Arunachal Pradesh to build memorial to honour hero who won Tawang for India
Seventy years after he brought Tawang under Indian rule by reaching the area located near McMahon Line and unfurling the tricolour there, the Arunachal Pradesh government has decided to honour Major Ralengnao Khathing with a memorial.
The memorial will be constructed at a site decided by the Tawang district administration and besides highlighting Khathing’s life it will also showcase traditions of the Monpa tribe.
The foundation stone of the memorial will be laid on February 14, the day when Khathing is believed to have hoisted the Indian flag in Tawang in 1951.
Arunachal Pradesh chief minister Pema Khandu announced this on Friday while speaking at a function in Tawang to felicitate newly elected gram panchayat and zila parishad chairpersons.
Khathing, who was more popular as Bob, is relatively an unknown figure for most of India and even in parts of Arunachal Pradesh. But people in Tawang still remember him with respect for establishing Indian control over the area when the threat of China loomed.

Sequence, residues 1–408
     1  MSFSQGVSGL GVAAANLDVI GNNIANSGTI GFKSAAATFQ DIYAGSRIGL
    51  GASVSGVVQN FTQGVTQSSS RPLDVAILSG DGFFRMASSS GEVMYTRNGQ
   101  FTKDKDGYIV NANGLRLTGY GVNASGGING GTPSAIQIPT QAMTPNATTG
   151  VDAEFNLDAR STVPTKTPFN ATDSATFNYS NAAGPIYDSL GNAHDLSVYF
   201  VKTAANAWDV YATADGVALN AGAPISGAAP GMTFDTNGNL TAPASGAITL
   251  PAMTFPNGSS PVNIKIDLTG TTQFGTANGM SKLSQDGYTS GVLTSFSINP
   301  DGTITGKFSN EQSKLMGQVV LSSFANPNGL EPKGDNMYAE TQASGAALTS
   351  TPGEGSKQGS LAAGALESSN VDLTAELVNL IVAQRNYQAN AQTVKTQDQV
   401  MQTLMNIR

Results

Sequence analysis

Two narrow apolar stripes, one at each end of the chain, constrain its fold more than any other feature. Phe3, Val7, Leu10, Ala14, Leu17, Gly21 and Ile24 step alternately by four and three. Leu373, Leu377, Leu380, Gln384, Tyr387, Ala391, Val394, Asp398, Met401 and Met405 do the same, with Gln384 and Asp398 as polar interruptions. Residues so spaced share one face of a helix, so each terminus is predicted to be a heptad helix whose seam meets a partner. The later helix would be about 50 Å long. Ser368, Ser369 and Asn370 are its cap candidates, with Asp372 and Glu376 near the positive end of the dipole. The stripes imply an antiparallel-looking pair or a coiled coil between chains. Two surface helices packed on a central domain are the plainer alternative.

“Not many of us are aware of Maj Khathing and his contribution to Arunachal Pradesh. Once the memorial is constructed, visitors will come to know about him and his contributions,” Khandu said.
Born at Ukhrul in Manipur in 1912, Khathing had served the British Army in the Second World War. He was awarded the Military Cross and received the Member of British Empire (MBE) as well.
After Independence, he was appointed as an assistant political officer in November 1950 in Tirap division and was posted in Pasighat in Arunachal Pradesh (known earlier as North East Frontier Agency-NEFA).
It is believed that he started an arduous journey on foot from Charduar on January 17, 1951 with a team of soldiers from 5 Assam Rifles traversing difficult and inhospitable terrain to reach Tawang on February 6.
“To establish Indian presence up to the extent of the McMahon Line, which was demarcated as the border between India and Tibet in 1914, under the terms of the Shimla Treaty, required covering the area by foot over very difficult terrain,” said an Arunachal Pradesh government release.
“Khathing and his troops of 5 Assam Rifles successfully accomplished this. He then met and interacted with a number of ‘gaonburhas’ (village headmen) and quickly and effectively established authority over Tawang. Indian administrative presence was thus established in this remote part of the country,” it added.
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